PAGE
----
• I had some outlandish hopes I’d walk into college and be able to become mildly financially independent because people would throw high-paying jobs at me that I could learn from, but I didn’t expect it to happen. Life isn’t that easy!

    Well… it happened.
  • An incredible number of redacted things.

    I’ve never been that kind of guy. Honest and innocent to a fault, no secrets except those arising from paranoid self-assigned concern about others’ privacy: that’s me. Until this year.

    Oh well, I can’t blog about it.

  • But mostly, of course, I actually graduated. The teacher-appreciation dinner happened (6/4), where I debuted my graduation song (woo!) and ate some good cake (double woo!); senior prom happened (6/7), with some awesome photos; and then, actually, the graduation ceremony. (6/10, same day I realized I had recently passed 100 starred things on GitHub.)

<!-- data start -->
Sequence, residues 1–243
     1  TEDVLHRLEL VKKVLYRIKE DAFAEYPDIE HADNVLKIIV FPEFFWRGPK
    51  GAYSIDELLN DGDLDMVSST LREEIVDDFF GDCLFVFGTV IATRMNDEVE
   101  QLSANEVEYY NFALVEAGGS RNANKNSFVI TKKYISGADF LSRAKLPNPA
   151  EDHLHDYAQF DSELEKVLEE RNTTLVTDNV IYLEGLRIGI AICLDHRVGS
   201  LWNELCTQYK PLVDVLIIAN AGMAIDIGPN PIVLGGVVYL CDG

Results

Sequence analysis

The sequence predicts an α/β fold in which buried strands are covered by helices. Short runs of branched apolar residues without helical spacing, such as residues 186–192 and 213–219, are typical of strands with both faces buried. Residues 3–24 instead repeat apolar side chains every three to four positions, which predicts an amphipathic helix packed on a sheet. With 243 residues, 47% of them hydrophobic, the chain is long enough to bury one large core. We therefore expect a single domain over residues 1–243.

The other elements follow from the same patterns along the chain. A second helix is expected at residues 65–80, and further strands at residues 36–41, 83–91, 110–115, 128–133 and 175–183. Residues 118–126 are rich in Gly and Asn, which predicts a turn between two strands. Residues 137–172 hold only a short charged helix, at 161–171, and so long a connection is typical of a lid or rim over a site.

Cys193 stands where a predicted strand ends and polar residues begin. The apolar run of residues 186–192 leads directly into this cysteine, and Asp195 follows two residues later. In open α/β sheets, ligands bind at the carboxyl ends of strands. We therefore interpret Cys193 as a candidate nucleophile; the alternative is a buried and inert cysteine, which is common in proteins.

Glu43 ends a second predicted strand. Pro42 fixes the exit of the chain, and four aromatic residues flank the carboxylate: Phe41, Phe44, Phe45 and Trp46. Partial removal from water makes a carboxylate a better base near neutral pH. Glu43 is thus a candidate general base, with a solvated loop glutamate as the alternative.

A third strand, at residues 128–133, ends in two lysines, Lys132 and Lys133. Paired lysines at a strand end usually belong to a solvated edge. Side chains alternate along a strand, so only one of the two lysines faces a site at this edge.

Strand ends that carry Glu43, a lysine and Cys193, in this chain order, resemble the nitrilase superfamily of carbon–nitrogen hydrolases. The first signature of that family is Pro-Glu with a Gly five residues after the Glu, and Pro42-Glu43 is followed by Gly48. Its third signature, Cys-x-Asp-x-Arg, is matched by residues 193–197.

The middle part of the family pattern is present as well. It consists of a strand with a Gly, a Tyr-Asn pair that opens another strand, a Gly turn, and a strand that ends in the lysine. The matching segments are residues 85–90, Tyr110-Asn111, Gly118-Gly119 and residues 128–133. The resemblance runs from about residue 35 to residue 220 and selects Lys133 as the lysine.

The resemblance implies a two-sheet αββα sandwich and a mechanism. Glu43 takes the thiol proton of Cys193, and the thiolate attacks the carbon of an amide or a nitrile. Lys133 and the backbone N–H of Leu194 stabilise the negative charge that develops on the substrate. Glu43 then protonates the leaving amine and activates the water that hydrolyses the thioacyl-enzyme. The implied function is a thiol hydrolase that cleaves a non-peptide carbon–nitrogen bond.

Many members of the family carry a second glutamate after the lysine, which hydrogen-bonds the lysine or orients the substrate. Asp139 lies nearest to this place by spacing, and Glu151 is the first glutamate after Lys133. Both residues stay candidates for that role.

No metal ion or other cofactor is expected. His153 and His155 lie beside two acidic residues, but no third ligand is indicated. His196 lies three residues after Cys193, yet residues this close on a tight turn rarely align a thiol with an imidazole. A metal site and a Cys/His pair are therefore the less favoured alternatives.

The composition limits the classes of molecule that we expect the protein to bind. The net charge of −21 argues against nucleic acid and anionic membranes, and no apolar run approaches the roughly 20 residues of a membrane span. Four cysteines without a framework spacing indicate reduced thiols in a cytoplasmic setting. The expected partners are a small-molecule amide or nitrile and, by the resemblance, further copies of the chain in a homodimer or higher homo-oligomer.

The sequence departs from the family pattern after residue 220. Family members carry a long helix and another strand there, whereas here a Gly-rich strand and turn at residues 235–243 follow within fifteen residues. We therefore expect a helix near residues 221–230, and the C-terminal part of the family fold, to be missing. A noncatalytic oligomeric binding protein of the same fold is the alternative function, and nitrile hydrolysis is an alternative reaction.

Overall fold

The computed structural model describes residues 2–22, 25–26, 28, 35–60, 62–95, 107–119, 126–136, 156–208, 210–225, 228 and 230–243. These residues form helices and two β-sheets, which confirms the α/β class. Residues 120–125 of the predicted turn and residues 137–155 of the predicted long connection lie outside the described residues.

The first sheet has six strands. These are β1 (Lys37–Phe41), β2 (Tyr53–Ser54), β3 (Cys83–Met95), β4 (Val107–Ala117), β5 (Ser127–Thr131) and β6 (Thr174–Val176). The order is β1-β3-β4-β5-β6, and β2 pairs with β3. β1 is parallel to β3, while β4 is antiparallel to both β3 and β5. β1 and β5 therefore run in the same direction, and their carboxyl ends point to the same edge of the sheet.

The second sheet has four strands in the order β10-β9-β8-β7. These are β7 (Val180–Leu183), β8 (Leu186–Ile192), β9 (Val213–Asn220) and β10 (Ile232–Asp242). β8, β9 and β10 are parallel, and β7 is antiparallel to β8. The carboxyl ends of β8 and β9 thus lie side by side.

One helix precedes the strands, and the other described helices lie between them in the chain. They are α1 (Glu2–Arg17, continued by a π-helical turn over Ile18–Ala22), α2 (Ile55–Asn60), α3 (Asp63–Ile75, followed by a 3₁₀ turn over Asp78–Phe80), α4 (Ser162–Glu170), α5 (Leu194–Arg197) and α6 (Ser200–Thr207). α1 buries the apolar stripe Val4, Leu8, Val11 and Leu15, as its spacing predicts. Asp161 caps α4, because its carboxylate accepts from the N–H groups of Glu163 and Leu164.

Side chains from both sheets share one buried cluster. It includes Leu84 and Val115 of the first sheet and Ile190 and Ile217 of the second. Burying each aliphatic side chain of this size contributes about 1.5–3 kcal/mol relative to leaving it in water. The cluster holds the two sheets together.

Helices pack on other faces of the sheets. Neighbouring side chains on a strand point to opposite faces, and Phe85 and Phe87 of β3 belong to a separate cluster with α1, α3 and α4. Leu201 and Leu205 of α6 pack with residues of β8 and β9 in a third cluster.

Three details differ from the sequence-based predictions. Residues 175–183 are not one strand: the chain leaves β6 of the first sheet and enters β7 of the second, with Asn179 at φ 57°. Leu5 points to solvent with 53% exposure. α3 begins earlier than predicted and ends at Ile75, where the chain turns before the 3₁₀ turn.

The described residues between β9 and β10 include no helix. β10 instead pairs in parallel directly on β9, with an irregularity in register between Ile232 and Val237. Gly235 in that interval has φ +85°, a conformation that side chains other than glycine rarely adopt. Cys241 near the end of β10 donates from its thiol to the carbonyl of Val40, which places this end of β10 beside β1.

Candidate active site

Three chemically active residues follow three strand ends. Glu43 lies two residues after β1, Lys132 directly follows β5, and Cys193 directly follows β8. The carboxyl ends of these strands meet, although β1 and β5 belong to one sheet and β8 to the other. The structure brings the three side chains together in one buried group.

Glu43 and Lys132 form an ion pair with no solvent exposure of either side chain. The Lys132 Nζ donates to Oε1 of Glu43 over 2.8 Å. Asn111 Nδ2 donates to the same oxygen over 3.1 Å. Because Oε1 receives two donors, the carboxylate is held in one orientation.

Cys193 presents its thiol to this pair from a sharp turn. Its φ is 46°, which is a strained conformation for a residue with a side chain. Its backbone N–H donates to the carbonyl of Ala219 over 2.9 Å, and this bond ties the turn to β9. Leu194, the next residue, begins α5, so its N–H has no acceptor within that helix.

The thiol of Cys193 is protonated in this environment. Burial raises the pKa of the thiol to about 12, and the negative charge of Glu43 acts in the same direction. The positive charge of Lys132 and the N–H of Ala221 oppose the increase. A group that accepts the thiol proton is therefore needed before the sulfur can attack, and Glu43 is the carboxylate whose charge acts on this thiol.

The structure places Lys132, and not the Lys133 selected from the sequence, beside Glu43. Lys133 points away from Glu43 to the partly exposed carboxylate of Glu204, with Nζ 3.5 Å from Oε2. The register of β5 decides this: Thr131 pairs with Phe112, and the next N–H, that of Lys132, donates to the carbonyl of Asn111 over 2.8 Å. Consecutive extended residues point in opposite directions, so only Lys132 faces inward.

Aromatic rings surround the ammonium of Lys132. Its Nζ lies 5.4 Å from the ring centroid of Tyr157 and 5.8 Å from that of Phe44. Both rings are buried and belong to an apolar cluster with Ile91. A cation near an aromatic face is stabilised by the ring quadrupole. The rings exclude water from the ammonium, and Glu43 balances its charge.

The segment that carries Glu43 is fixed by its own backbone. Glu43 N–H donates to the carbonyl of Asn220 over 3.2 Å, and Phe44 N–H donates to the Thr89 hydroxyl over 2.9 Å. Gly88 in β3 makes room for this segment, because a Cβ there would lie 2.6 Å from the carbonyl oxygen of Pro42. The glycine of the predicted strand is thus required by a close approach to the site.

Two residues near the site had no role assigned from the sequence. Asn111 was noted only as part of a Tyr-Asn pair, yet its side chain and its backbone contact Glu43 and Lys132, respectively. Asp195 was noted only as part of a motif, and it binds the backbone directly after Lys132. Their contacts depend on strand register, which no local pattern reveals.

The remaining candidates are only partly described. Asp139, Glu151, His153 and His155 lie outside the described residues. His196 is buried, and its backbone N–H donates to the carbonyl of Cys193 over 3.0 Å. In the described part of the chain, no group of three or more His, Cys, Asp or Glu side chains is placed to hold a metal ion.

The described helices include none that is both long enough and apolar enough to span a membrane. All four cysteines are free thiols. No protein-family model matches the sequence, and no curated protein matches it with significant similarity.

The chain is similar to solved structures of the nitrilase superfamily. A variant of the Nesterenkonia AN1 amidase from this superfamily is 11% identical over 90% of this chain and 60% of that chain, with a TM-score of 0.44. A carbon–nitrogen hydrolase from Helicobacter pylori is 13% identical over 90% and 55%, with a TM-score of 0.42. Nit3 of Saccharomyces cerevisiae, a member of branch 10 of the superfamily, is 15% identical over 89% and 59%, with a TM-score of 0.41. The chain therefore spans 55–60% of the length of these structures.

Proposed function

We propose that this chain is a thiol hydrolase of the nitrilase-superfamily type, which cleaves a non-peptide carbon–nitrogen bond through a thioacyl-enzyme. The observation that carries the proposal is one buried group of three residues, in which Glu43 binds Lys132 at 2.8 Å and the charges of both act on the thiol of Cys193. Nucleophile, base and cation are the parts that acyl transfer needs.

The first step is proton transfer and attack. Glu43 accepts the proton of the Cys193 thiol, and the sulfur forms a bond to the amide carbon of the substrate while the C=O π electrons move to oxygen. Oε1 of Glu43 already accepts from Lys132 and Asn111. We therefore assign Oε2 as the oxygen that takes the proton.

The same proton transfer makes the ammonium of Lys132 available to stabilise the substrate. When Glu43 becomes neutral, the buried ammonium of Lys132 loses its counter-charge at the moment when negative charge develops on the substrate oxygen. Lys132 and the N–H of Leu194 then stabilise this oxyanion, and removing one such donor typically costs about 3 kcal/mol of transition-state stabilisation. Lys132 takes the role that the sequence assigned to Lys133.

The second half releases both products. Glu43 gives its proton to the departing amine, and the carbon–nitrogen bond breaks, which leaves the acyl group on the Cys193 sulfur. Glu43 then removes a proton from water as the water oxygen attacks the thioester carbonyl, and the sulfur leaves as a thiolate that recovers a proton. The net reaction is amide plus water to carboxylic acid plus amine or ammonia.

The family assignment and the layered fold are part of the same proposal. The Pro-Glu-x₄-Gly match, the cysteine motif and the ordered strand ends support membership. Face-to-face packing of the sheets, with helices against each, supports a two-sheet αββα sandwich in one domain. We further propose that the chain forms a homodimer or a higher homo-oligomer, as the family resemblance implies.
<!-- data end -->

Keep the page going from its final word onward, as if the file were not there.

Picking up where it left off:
::looks at self:: I’m actually a college student now.

    Every one of these stages of life seems like it should be a big deal, like I should pass through and suddenly know all the things about maturity and aspirations and life that are expected of college students, but it never happens that way.

    At least, all things considered, I think this transition was very successful at taking my mind off the angsty side of things. This post is actually surprisingly unangsty. Sorry to disappoint if that’s what you’re here for!

Jam-Packed Fun and Games

Did I say “fun”? That was short for function calls. Which are fun too, admittedly. Blah, I always go to such lengths to come up with snappy yet justified post titles and end up achieving neither.

One more complimentary breakfast later:

This is it.